Within this review section former exchange students to Vienna share their stories, experiences and opinions with you.
Make sure you read this experience report by an American exchange student before starting your trip to Vienna!
A very special Vienna experience
It is a fascinating moment when the unknown becomes known, when we first recognize that formerly alien landscapes have become a part of us and we a part of them. Such a moment can occur on a small scale- feeling entirely at home for the first time in a circle of friends, for instance- or in a more striking way, like realizing that we have come to love and accept another culture as our own. Whatever the situation, these epiphanies are arrived at through openness, empathy, and a willingness to reach beyond what is merely comfortable or convenient. They often arise at unexpected times, or only after long periods of inhibition and uneasiness, but when we experience that first rush of understanding, that great expansion of perspective and sense of belonging, we are forever changed.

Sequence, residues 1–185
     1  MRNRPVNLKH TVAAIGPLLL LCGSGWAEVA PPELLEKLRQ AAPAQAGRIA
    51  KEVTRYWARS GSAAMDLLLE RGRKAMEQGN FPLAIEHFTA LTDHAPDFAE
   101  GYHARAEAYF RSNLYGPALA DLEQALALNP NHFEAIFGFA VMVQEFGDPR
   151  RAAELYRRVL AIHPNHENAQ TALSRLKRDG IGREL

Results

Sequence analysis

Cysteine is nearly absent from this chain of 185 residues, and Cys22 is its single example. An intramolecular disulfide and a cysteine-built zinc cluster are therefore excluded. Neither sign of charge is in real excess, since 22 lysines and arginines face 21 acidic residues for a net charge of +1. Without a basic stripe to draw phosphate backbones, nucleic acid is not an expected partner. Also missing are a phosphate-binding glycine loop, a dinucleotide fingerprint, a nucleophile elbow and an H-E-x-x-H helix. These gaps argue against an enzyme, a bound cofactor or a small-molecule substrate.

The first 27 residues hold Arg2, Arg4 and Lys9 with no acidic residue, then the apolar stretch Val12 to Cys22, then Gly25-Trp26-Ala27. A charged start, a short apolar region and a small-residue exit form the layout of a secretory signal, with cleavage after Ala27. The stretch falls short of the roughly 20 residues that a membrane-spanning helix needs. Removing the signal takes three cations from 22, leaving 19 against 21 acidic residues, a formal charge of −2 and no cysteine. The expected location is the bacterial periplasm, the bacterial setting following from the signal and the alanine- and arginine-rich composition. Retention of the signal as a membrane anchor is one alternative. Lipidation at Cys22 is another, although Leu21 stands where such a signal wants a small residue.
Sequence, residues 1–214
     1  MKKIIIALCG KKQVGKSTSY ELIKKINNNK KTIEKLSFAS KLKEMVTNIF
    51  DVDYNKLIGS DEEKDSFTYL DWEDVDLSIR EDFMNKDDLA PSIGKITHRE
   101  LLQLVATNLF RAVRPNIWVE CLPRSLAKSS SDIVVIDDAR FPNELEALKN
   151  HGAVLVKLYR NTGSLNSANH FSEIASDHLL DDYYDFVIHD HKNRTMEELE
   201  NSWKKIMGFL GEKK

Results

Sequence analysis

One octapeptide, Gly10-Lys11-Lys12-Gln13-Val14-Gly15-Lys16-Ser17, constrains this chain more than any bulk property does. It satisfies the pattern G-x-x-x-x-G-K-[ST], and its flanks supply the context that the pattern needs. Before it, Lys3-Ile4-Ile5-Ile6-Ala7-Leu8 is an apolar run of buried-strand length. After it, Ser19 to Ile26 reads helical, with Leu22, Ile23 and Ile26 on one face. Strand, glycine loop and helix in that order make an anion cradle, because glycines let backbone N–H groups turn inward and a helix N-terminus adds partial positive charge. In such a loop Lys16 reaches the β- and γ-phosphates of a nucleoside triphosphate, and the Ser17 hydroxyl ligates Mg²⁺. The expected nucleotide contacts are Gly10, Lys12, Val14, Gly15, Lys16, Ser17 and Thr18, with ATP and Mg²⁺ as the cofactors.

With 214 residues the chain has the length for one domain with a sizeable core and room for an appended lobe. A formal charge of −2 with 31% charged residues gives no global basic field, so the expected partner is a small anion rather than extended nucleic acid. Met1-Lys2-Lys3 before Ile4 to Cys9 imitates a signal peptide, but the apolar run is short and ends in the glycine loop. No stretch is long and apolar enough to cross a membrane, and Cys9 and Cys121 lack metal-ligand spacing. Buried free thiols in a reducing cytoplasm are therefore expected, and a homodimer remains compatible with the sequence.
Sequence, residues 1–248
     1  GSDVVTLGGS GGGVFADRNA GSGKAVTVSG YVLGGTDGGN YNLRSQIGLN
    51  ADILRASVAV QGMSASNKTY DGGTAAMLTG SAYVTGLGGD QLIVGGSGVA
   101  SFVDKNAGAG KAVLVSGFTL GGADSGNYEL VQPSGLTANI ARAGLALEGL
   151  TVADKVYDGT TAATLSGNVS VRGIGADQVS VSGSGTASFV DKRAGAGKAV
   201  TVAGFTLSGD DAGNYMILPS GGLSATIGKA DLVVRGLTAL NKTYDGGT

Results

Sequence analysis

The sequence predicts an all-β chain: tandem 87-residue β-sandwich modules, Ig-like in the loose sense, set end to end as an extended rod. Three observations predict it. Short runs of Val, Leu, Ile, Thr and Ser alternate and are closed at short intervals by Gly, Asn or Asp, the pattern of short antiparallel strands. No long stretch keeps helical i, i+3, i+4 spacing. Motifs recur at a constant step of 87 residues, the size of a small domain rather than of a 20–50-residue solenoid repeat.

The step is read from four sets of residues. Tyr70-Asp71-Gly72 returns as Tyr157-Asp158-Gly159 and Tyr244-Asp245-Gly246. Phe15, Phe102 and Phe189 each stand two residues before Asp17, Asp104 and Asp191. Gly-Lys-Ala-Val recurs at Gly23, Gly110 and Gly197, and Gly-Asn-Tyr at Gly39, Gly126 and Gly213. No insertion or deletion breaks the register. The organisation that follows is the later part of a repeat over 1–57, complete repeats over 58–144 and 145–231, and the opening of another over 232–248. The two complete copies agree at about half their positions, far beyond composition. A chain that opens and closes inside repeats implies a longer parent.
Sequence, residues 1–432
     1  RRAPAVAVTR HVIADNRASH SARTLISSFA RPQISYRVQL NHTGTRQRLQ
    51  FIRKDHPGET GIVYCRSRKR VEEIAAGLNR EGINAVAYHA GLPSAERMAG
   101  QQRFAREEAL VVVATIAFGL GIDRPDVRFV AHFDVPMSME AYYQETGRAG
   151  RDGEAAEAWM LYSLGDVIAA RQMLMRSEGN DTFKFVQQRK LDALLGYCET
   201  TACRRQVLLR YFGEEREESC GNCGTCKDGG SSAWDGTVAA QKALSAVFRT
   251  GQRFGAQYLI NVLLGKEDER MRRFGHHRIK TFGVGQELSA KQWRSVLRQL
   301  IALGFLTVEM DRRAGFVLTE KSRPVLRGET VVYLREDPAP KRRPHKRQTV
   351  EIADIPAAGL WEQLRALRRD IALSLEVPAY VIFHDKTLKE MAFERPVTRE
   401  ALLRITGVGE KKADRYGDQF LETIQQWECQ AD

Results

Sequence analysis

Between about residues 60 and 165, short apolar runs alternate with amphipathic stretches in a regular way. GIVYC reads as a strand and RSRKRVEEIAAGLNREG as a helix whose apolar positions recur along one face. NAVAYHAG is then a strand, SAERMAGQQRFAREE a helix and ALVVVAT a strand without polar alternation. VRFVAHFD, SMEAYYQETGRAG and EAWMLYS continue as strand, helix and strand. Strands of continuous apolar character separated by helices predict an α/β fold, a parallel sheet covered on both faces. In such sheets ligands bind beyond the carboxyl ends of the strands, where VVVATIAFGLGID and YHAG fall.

In late August I arrived in Vienna, Austria for the semester- jet-lagged into a stupor, attempting to carry my own bodyweight in luggage, battling off the remnants of a stomach flu, and possessing a knowledge of approximately seventeen German words. It was not a glorious entrance. In fact, I was on the verge of tears as I stumbled into my hostel for the night. It had taken me hours to find the place, hours of deciphering maps and squinting at street signs and asking unfriendly strangers for directions in sheepish English. Now my arms ached, my head ached, and I wanted to go home.
Frenetic questions began to flash through my mind. Why, exactly, had I decided to do this? I was perfectly happy at my home university; I had fantastic friends there and I’d been making great progress in my major (piano performance). So why had I elected to temporarily uproot it all, to rip myself away from a secure environment in which I had been thriving? Why had I chosen a country in which I had no proficiency in the language? Why did I have such a compulsion to seek out the new and the challenging? Why couldn’t I just quit while I was ahead?